What is a Vaginal Hernia: Symptoms, Treatment, Surgery and Recovery Time

A woman’s body is capable of majestic things. It can grow life inside of it and endure excruciating pain to push that baby into the world. But the pelvic floor that holds all those reproductive organs, as well as bladder, bowels, and digestive parts, is vulnerable to collapse. It bears the weight of a lot of the body on a daily basis and undergoes extreme stress during childbirth.

When the muscles aren’t able to hold everything together, you may end up with a vaginal hernia. It’s estimated that one-third of women in the United States have some sort of pelvic area prolapse. Of those, around 25% can feel pain or discomfort from the condition. Approximately 11% will require surgery to correct the problem. It’s a common issue that women, and those who love them, should be educated about.

What is a Vaginal Hernia?

The textbook definition of a hernia is an organ that becomes displaced from its functional or optimal location.

It can happen to many organs, bones, and body parts including discs in the spine, intestines, stomach, esophagus, and even the female reproductive organs.

What is a vaginal hernia compared to others?

A vaginal hernia can go by multiple names including vaginal prolapse, uterine prolapse, or bowel prolapse. The defining characteristics are when the bladder, uterus, rectum, or bowel collapse and protrude into the vaginal canal.

A ruptured hernia is when the organ bursts or becomes mangled as it disconnects from pelvic muscles.

Symptoms of Vaginal Prolapse

How does one even know they are experiencing vaginal prolapse? A few symptoms can cue you into the idea that it is time to see a specialist.

  • A new or strange lump in the vagina or lower abdomen
  • Pressure or discomfort
  • Constipation
  • Difficulty emptying the bladder
  • Frequent urination or incontinence
  • Pain during sex
  • Pelvic heaviness
  • Backache
  • Vaginal bleeding (not menstrual related)

Causes of Vaginal Hernia

Organs in the lower half of the women’s torso are held in place by pelvic muscles. When those muscles become weakened, it can lead to prolapse. A few conditions or events can cause this, including:

  • Childbirth
  • Obesity
  • Heavy lifting (repeatedly)
  • Straining to make bowel movements (spurred by chronic constipation or IBS)
  • A chronic cough (caused bronchitis, COPD, emphysema, lung cancer, etc.)
  • Prior hysterectomy

You are at greater risk the older you are. A history of vaginal prolapse in your family exponentially increases the chances you will suffer a form of prolapse as well.

Vaginal Hernia Repair & Treatment

Occasionally, if the condition isn’t painful, doctors may let the patient continue life as normal until it becomes problematic. Otherwise, surgery is necessary for vaginal hernia repair.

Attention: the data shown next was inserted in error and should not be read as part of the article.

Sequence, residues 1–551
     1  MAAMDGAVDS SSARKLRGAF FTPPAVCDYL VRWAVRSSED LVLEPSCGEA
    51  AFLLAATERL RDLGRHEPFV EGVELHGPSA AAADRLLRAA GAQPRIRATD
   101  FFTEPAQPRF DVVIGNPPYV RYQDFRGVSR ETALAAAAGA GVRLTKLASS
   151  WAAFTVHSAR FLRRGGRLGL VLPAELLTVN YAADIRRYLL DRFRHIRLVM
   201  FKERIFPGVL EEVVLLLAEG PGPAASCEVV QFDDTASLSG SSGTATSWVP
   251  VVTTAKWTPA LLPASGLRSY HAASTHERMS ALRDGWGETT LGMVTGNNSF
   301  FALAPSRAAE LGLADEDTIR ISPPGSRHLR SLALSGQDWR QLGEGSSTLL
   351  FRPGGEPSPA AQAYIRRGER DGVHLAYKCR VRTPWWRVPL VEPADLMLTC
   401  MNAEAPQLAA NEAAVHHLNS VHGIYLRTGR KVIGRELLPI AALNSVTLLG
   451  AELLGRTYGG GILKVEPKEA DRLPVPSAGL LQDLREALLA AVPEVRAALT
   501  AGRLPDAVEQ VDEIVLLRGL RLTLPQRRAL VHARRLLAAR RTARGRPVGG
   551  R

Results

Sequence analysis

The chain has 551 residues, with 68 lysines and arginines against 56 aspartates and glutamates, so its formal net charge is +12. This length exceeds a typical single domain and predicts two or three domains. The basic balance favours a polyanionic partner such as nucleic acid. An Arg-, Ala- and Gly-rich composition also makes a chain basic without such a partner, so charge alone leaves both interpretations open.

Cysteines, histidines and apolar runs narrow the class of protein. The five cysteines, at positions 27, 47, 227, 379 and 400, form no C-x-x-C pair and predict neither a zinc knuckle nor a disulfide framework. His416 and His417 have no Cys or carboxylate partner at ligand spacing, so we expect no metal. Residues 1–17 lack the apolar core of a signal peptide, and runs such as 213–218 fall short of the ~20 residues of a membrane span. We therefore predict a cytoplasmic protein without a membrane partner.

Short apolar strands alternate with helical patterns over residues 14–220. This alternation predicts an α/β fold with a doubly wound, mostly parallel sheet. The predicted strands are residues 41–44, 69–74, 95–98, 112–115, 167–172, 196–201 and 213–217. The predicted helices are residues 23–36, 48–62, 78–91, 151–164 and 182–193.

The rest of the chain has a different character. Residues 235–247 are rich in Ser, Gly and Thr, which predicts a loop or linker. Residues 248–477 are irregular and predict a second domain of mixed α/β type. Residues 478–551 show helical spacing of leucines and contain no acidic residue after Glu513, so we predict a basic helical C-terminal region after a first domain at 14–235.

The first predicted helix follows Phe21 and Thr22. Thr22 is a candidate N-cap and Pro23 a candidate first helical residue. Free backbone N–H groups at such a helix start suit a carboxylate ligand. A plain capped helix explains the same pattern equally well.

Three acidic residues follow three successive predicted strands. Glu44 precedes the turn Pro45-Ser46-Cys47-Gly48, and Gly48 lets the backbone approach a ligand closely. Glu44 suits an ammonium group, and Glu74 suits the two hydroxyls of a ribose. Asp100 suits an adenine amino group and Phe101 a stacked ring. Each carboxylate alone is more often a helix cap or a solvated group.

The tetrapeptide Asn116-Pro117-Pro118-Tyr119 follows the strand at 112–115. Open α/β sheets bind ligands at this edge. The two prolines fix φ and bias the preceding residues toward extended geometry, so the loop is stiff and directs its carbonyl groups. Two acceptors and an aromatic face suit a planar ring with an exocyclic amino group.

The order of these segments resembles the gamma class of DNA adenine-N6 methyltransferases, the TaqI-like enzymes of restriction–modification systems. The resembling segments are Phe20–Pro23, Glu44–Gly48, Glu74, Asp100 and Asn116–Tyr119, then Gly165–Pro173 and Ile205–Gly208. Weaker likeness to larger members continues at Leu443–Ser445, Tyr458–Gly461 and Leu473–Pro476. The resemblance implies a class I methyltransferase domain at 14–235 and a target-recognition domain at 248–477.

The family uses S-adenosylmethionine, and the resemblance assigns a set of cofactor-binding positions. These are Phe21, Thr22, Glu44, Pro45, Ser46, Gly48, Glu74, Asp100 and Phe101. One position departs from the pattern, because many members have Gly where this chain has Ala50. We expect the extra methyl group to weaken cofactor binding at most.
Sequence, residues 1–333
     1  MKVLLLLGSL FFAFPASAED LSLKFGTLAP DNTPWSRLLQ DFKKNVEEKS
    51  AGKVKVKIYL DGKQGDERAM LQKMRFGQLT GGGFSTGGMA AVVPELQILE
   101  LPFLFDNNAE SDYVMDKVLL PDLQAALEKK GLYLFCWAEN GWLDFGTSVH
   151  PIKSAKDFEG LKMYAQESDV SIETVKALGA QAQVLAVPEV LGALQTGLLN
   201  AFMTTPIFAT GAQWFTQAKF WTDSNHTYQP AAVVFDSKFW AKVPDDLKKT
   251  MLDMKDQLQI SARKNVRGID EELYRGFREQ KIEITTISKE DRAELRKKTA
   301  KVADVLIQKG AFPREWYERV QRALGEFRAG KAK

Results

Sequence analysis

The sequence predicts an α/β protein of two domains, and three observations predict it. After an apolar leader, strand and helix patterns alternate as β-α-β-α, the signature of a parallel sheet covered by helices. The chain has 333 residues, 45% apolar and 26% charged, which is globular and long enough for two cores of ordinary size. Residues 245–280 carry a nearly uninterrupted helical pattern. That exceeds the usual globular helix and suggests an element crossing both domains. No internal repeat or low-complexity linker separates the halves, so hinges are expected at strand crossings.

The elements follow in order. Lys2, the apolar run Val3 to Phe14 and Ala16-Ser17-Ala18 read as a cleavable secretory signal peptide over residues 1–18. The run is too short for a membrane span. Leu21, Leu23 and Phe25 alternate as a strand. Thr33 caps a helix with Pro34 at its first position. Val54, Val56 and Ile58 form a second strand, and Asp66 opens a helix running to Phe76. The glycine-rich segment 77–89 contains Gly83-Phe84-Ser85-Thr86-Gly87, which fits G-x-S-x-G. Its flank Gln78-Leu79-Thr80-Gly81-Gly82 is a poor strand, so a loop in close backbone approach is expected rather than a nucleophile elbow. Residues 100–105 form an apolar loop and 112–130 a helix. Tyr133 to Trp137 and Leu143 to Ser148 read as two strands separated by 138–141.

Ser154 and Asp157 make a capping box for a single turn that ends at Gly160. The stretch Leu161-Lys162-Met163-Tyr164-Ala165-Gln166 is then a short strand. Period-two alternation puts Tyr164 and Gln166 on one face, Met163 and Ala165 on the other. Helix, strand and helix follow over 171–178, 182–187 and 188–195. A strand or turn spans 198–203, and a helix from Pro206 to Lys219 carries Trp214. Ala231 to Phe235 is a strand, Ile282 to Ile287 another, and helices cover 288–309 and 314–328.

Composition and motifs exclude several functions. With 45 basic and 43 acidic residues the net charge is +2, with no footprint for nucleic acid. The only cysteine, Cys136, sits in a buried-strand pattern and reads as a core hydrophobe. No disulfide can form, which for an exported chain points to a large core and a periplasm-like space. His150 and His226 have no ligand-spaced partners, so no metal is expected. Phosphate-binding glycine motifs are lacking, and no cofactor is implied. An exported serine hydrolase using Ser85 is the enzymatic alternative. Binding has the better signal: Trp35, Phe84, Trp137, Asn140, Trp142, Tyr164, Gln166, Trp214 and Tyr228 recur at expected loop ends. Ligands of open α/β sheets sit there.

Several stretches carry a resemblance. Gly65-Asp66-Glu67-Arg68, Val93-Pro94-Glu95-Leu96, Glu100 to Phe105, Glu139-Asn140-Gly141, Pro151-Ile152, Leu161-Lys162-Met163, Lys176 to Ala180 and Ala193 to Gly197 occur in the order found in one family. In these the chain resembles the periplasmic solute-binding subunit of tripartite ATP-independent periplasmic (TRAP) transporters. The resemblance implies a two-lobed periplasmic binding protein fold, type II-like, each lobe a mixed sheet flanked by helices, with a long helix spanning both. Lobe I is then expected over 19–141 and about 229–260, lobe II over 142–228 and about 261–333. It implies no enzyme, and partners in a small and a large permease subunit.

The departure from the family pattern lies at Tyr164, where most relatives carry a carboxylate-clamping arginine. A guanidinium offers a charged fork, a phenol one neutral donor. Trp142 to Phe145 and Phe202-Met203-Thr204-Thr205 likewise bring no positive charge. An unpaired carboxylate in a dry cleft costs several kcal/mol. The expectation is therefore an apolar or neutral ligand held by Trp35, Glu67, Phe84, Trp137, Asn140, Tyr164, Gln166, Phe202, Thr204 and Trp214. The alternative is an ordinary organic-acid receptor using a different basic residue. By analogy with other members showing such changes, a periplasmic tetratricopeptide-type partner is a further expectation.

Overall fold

During surgery, the surgeon will attach the top of the vagina to the lower abdomen wall, the pelvis ligaments, or the lower back. If the uterus is dropping, a hysterectomy may be recommended for women without plans for future children. Sometimes removal of the uterus or other organs is unavoidable because the prolapse has caused permanent damage.

The incision is made either through the abdomen or the vaginal canal. Organs are reattached to the body either with existing organic tissue or by an artificial means like vaginal mesh. Mesh is losing favor among physicians, however, because of emerging health complications in women post-surgery. In many cases, the surgical mesh shrank and became encased in scar tissue causing women significant pain and chronic inflammation. The rejection of the foreign material was so severe that in about 20 to 30 percent of cases, women developed Lupus-like symptoms of autoimmune problems like runny nose, rashes, and joint pain.

The prevalence of vaginal mesh issues has spawned over 100,000 lawsuits (and counting) against the manufacturers of the mesh. Settlements in the multi-millions have been awarded to the plaintiffs.

Recovery Time After Surgery

Repairing prolapsed reproductive and digestive organs is major surgery. Patients can expect full recovery time after surgery to be 4 to 6 weeks. Experts recommend taking off 2 to 4 weeks from work. Incisions through the abdomen take longer to heal than through the vaginal canal because of the size of cut and muscles compromised.

Opioid pain pills will likely be necessary for approximately one week after the surgery date. After that, pain can be managed with over-the-counter pain relievers like Tylenol or Advil. Following certain protocol will make your recovery go smoother like:

  • Limit strenuous activity. Running, jogging, biking, are all prohibited in the first few weeks.
  • No heavy lifting.
  • Get plenty of rest (including stopping when you are tired).
  • Walk every day. At first, it will be difficult and you won’t be able to go far, but you need to move to rebuild the muscles in the abdomen and pelvis. Add a few minutes more each day.
  • No vaginal or anal sexual intercourse for up to six weeks.

After the initial 6 weeks, weight lifting activities can be reintroduced slowly. The important thing is to pay attention to the body. If it feels weak or something is painful, stop that activity. Forcing yourself through the pain could cause tearing and send you back to the operating room.



Article References:

  1. https://www.thewomens.org.au/health-information/vulva-vagina/vaginal-prolapse
  2. https://www.mayoclinic.org/diseases-conditions/uterine-prolapse/symptoms-causes/syc-20353458
  3. https://www.mayoclinic.org/diseases-conditions/cystocele/symptoms-causes/syc-20369452
  4. https://www.uofmhealth.org/health-library/tv1559
  5. https://www.womenshealthmag.com/health/a19909024/transvaginal-mesh/
  6. https://myhealth.alberta.ca/Health/aftercareinformation/pages/conditions.aspx?hwid=zy1244
  7. https://www.acog.org/Patients/FAQs/Surgery-for-Pelvic-Organ-Prolapse?IsMobileSet=false#factors